What is credit?
Credit is an agreement between a lending organisation (such as a bank, or credit card company) and you, the borrower. That agreement puts money in your hand, in your bank, or on a credit card, for your use. The terms of repayment, including interest charges, are usually set up front and are governed by an agreement between you and your issuing bank.
Differences between Credit and Debit cards
You can make purchases up to your credit limit. When the bill comes, you must pay at least the minimum balance. Banks charge interest on unpaid balances. Generally, if you pay the entire bill at the end of the month, you will not have to pay interest charges. If you maintain an outstanding balance, you will be charged interest at a predetermined annual percentage rate (APR), which differs from issuer to issuer.
Funds are automatically taken from your bank/building society account to cover charges. You can spend the total amount that is in your account.
First, apply for a credit card that meets your needs and spending habits. As you pay off your purchases in a timely manner, you'll build a good credit history.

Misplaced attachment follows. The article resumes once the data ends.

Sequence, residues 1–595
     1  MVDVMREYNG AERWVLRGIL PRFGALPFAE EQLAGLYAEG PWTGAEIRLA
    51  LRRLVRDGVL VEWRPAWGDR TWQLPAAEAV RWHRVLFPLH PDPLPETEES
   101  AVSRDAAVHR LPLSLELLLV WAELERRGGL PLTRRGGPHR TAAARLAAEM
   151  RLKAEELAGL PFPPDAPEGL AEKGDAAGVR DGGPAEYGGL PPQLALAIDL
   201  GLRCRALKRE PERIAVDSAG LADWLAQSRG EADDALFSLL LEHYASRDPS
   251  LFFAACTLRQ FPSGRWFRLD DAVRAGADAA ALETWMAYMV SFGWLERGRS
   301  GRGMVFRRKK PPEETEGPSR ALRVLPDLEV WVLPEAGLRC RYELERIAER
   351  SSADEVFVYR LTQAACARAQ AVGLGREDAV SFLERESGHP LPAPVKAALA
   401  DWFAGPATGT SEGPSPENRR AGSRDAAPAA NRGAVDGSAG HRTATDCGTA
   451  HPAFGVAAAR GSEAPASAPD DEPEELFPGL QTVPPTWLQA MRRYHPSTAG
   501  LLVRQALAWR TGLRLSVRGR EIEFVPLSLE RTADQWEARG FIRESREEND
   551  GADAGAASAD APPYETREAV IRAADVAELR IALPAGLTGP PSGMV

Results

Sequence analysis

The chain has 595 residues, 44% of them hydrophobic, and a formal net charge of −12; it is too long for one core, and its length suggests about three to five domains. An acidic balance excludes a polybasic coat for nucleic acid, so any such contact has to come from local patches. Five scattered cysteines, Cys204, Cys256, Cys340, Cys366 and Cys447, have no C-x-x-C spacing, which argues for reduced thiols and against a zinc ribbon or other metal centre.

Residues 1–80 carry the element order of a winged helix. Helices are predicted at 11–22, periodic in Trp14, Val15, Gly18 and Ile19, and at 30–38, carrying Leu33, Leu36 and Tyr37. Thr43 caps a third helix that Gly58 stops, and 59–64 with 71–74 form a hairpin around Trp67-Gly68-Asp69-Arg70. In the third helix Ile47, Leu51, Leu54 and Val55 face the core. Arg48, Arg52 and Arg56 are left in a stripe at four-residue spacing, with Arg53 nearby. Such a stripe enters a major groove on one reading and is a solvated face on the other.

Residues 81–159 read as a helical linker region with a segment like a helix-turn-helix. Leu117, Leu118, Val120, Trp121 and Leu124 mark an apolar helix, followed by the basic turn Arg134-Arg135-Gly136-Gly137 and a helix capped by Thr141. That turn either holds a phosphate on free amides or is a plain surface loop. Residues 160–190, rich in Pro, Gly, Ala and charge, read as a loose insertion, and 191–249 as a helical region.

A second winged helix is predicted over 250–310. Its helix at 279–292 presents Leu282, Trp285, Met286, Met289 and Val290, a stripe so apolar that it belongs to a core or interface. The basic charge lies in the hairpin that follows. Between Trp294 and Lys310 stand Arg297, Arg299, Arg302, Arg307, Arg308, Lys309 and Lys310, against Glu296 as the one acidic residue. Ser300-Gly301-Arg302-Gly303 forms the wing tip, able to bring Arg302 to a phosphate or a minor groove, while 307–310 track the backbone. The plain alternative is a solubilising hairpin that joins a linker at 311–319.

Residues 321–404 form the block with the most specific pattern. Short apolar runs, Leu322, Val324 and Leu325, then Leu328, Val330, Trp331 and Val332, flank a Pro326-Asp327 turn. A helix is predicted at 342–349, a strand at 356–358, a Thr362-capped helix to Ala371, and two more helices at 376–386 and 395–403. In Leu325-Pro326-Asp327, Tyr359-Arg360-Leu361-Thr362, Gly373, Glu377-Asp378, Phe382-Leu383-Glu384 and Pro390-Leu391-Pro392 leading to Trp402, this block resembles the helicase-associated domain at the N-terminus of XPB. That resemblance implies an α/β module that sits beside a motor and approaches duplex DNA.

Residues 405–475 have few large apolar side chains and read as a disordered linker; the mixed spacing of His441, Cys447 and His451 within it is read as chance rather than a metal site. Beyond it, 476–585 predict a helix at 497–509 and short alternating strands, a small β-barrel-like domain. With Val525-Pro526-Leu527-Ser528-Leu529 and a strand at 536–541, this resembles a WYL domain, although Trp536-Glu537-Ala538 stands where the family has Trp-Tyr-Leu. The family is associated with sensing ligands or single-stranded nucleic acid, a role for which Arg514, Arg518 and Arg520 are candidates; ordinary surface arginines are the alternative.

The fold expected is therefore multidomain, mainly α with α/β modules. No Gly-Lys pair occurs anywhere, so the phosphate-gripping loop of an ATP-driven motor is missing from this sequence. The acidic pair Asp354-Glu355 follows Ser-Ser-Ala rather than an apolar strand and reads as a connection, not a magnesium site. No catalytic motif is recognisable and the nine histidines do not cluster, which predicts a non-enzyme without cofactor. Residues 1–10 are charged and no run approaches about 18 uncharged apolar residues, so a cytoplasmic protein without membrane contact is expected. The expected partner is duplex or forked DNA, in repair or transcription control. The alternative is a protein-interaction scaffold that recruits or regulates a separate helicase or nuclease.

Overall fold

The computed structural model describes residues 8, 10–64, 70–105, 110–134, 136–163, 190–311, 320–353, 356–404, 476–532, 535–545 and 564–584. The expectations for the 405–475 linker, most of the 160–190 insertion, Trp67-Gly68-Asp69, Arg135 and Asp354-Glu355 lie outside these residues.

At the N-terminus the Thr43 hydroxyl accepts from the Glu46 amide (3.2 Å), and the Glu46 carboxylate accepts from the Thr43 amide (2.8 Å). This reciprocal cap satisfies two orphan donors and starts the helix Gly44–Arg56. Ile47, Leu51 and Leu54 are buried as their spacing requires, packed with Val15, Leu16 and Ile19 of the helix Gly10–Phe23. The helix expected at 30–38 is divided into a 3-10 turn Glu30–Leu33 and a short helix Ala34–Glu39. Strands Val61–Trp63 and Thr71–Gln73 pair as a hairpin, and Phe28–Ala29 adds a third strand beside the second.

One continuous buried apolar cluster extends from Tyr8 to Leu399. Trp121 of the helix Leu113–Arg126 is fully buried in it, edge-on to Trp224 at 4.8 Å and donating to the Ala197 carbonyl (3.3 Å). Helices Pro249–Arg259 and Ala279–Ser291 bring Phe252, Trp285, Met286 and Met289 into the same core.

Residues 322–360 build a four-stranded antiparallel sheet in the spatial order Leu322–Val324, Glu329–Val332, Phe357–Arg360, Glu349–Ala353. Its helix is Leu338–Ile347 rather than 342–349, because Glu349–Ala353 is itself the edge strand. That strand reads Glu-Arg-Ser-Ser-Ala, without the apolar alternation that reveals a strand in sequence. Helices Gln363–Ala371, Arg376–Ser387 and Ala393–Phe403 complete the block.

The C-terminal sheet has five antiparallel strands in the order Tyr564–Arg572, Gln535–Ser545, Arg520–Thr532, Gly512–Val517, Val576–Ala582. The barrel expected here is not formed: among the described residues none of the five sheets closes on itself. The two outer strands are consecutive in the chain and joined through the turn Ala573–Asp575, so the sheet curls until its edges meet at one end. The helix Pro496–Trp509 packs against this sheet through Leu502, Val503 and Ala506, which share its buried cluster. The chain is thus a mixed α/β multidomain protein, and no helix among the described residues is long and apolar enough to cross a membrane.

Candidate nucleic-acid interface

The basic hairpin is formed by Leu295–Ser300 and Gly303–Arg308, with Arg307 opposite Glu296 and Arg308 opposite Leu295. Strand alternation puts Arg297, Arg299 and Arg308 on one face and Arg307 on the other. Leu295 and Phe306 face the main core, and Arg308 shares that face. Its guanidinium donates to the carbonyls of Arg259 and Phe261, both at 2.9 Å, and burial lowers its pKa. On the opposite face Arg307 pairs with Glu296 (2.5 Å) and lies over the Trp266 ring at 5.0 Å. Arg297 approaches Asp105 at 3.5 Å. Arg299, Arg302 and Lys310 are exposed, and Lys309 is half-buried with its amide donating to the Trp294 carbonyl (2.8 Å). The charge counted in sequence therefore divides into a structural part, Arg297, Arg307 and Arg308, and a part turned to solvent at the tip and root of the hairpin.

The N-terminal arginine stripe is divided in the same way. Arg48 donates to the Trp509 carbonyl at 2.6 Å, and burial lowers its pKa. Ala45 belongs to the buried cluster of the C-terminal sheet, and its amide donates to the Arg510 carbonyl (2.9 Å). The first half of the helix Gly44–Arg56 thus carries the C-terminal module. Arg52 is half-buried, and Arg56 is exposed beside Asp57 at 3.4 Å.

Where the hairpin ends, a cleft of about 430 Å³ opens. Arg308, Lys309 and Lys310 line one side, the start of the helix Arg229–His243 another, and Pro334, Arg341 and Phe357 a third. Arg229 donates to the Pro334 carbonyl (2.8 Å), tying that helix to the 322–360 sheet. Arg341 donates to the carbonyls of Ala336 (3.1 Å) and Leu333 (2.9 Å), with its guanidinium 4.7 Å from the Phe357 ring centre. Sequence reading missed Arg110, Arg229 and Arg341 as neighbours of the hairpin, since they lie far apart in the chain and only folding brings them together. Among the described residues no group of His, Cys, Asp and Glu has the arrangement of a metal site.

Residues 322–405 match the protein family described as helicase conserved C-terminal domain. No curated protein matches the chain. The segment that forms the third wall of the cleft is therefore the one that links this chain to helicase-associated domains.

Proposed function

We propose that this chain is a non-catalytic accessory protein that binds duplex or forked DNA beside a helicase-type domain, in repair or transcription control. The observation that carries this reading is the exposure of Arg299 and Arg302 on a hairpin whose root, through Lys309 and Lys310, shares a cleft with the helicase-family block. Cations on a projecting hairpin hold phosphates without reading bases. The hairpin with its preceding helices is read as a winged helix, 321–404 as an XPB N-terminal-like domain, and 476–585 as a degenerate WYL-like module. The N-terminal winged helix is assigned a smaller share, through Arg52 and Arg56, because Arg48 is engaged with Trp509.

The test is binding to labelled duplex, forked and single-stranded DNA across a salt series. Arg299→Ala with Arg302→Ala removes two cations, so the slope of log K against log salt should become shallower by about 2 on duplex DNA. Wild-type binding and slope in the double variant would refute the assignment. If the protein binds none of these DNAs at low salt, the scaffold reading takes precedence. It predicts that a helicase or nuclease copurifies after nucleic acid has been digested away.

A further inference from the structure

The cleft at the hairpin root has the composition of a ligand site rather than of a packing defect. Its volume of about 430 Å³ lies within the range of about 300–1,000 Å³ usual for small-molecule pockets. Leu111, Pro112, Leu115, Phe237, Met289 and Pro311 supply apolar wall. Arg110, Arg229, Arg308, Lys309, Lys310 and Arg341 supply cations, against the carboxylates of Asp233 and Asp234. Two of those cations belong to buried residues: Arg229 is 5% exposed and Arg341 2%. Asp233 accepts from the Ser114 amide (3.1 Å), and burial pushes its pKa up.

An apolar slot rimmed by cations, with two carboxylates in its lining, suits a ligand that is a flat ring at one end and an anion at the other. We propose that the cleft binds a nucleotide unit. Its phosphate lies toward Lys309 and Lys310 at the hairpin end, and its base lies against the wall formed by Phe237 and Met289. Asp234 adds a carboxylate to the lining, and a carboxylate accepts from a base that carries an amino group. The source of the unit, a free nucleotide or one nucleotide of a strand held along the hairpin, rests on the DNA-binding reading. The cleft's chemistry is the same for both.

Maintaining good credit
The most important thing to do is pay your credit card bill regularly. Pay the entire bill, or as much as you can afford (at least the minimum payment), each month.
If your bill is delivered late or if you won't be able to pay it on time, contact your card issuing company to make payment arrangements. Failure to make payment by the due date could incur penalties and affect your credit rating.
If you know you'll be carrying a balance each month, consider a credit card with a low interest rate. And be sure to learn the impact of compounding interest - the amount you're charged in interest on top of purchase and interest charges unpaid in previous months. Credit cards are a flexible way to manage your finances but you should always budget to spend within your means over the longer term.
Cost of Cash
The benefits of electronic payments far outweigh those of cash. Beyond the obvious advantages of speed, convenience and guaranteed payment, electronic transactions offer a host of advantages that cash can’t touch, including security and transparency. In fact cash can even impact tax revenues, since it may go unreported. Is it any wonder that cash is most prominent in “informal” and “black” markets?”
Why not join the conversation about moving to “a world beyond cash”? http://newsroom.mastercard.com/blog/